The Pacers' Lance Stephenson (1) can be a handful on and off the court, as he proved in the Eastern Conference finals against LeBron James and the Heat. (Lynne Sladky / Associated Press)
Pacers guard Lance Stephenson paid no mind to one unwritten basketball rule while fully embracing another, ignoring the fact he’s approaching unrestricted free agency and is angling for big money this summer after being a value player the last two years.
Stephenson, by whispering sweet nothings — or merely blowing — in LeBron James’ ear during the Eastern Conference finals, drew the ire of everyone with a wagging finger about basketball decorum, including the man who believes in him most, Pacers boss Larry Bird.
He flopped, interrupted Heat huddles and talked about Heat guard Dwyane Wade’s knee injuries before the conference finals began, in the attempt to gain every possible advantage against the two-time champions.
It was bizarre, certainly, and just about foolish to tug on James’ proverbial cape, especially considering how meekly the Pacers bowed out in Game 6 in Miami, but Stephenson consistently brought the effort.
On pure numbers, shooting 50 percent and scoring 14 a night with six rebounds and five assists show he’s capable of rising to the occasion with his play when he’s focused.
He, along with rugged veteran forward David West, were the only ones with the requisite heart needed to dethrone the champs. Point guard George Hill performed like anything but, Roy Hibbert is still on a milk carton, and Paul George’s performances were certainly equally enthralling (Game 5) and puzzling (Game 6), which can’t happen for two max-contract players.
Stephenson will command plenty of attention come July 1, and many of the so-called detractors in the NBA would line up at his door if given the chance to add him.
Given the benefit of time, Stephenson will no longer be viewed as “toxic,” if he ever was. Make no mistake, there’s certainly a “buyer beware” tag any team wishing to sign him to a four-year contract between $30 and $40 million this summer must heed.
If he goes to the right team, with the proper structure and settled locker room, they can use his 14 points, seven rebounds, five assists and dazzling plays — if his mind is right.
He’s capable of being a rose — you just have to ignore the thorns, if you decide he’s worth the trouble. If his mind is right.
Brown for OKC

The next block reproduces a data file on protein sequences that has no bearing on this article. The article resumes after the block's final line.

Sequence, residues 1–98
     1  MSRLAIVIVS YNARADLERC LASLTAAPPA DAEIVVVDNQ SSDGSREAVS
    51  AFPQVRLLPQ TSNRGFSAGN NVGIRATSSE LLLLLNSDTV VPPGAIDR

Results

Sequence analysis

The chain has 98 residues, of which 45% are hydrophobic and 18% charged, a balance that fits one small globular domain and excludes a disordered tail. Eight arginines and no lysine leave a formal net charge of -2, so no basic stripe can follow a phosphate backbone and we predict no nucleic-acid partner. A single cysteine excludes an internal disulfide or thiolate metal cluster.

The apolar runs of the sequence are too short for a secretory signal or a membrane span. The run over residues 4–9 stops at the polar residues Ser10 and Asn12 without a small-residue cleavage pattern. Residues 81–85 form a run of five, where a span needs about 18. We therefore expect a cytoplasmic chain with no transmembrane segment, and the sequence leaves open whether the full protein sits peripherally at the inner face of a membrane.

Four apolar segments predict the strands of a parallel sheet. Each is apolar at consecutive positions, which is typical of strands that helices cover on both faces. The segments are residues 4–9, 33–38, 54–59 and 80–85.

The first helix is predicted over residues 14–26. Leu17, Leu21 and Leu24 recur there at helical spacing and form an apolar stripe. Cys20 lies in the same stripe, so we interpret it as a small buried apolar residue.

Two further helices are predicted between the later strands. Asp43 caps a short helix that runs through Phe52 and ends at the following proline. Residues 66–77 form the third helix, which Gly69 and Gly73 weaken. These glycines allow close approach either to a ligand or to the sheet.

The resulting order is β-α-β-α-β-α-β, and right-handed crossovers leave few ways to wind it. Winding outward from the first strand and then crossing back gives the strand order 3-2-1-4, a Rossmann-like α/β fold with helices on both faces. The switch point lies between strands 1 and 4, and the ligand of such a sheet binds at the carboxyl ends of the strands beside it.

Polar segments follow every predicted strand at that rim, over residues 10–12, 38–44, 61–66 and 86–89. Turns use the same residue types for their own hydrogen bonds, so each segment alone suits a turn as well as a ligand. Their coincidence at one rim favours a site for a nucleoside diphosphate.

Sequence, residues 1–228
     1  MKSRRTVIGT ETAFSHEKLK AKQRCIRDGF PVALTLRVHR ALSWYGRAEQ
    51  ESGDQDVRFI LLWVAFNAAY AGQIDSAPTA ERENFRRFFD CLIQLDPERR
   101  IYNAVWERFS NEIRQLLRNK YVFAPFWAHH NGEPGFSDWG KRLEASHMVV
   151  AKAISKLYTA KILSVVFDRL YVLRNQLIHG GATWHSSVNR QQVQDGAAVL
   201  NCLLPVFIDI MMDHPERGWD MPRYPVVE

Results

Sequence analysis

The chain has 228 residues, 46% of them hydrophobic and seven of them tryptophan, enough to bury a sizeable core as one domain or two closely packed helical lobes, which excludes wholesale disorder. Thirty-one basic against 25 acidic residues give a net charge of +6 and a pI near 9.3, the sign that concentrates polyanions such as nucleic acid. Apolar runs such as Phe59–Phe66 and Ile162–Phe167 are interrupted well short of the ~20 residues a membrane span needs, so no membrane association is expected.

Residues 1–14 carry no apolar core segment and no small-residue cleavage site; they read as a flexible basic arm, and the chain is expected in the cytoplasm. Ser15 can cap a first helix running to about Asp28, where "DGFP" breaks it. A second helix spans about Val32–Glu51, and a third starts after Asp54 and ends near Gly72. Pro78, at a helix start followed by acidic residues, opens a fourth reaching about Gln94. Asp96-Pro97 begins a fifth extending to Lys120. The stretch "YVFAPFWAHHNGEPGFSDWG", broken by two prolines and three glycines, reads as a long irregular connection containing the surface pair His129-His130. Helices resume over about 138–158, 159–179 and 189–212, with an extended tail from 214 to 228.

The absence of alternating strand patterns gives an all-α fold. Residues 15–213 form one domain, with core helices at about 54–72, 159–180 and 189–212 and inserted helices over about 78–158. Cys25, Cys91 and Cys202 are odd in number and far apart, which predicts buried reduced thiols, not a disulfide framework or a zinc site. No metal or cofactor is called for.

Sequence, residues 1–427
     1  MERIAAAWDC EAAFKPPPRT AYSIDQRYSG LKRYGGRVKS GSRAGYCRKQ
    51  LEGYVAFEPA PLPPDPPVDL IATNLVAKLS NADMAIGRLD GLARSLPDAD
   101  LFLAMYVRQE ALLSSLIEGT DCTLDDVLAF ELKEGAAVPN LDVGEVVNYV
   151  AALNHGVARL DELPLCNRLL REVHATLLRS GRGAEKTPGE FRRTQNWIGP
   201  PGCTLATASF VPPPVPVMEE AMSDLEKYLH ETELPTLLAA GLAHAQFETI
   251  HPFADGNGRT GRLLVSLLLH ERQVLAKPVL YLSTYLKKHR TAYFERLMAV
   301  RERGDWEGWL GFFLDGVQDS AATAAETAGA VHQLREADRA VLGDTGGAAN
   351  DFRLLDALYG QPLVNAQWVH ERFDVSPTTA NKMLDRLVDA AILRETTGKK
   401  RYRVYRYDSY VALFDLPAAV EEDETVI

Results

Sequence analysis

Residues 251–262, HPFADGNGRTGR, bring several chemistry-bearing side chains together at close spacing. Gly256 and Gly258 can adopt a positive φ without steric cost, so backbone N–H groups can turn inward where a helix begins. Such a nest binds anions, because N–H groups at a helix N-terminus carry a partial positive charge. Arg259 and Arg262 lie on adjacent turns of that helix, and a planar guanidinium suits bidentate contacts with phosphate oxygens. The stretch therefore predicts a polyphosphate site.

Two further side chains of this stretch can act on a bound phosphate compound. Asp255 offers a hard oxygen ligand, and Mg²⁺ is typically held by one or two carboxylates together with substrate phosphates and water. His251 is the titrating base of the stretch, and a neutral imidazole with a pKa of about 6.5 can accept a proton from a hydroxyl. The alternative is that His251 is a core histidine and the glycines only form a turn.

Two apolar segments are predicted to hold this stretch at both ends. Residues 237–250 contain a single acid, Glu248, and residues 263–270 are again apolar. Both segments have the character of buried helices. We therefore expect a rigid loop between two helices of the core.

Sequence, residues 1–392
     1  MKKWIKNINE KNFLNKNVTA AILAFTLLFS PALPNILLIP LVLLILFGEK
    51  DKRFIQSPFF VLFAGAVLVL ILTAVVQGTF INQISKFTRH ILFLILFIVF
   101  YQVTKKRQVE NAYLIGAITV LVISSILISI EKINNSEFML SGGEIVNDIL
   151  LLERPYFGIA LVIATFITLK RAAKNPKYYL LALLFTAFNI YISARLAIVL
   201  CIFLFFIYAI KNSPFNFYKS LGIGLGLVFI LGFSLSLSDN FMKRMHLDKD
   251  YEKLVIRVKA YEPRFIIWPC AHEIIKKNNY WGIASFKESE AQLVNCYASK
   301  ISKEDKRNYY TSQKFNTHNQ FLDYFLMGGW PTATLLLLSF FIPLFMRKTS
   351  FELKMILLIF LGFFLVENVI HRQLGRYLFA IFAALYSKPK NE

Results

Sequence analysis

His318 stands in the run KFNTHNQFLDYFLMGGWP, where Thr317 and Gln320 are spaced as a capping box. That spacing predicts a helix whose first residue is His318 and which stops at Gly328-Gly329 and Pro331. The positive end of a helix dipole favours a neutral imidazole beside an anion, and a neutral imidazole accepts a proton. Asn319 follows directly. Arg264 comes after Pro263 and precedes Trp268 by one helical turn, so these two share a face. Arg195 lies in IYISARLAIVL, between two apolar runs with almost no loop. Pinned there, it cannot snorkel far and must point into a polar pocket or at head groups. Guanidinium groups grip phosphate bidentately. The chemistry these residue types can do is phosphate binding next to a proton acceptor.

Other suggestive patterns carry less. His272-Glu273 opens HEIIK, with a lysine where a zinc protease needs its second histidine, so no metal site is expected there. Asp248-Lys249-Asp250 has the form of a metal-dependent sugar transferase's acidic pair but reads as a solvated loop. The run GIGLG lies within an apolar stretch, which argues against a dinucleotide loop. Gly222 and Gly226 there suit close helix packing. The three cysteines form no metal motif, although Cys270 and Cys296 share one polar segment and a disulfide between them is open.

Is it about time we start treating the Thunder with anything but the kid gloves they’ve enjoyed for the past four years?
And criticizing Russell Westbrook doesn’t apply, either, especially considering how the all-world guard’s passion and activity helped carry the Thunder to overtime against the Spurs.
Westbrook (26.8 points, 7.3 assists, 5.7 rebounds, 3.2 steals), not MVP Kevin Durant (25.8 points, 7.7 rebounds) was the lifeblood of that team the past two weeks. Now, one can certainly dispute whether the duo are a perfect fit and if they can truly co-exist at maximum efficiency, but we’ll never know if the Thunder keep wasting their prime years with Scott Brooks on their sidelines.
They have no structure to their offense, which works on a Tuesday night in Philly when Durant and Westbrook are better than everyone on the floor, but not when you have to play an experienced team and a good coach.
Westbrook takes the arrows that should have Brooks’ name on them.
Yes, they’re both 25. But Durant is in Year 7, and Westbrook is a year behind. Think of the scrutiny James received from the public in his seventh year (2010), which played a part in him going to Miami because Cleveland couldn’t put a decent team around him.
Durant and Westbrook speak up for Brooks because they feel no pressure from the public about actually getting it done. You can bet they’d start squawking if they would be branded as losers, and demanding Brooks be handed his walking papers.
And if that happens, who should the Thunder call? Larry Brown.
Brown is a nomad, someone you date for a “good time” and not lifelong commitment. But boy, what a good time Brown would bring to the folks in Oklahoma City. Give him two years and he’d have the Thunder hoisting that gold trophy during the second week in June.
Give him two years and they’d accomplish enough to keep Durant from pulling a James and leaving town via free agency. Give him two years and Westbrook can aptly run an offense, turning into the best point guard in the NBA while keeping his explosiveness.
Give him two years and he’ll be back out the door — but you’ll have fun in the meantime.
Either that, or he’d drive you crazy.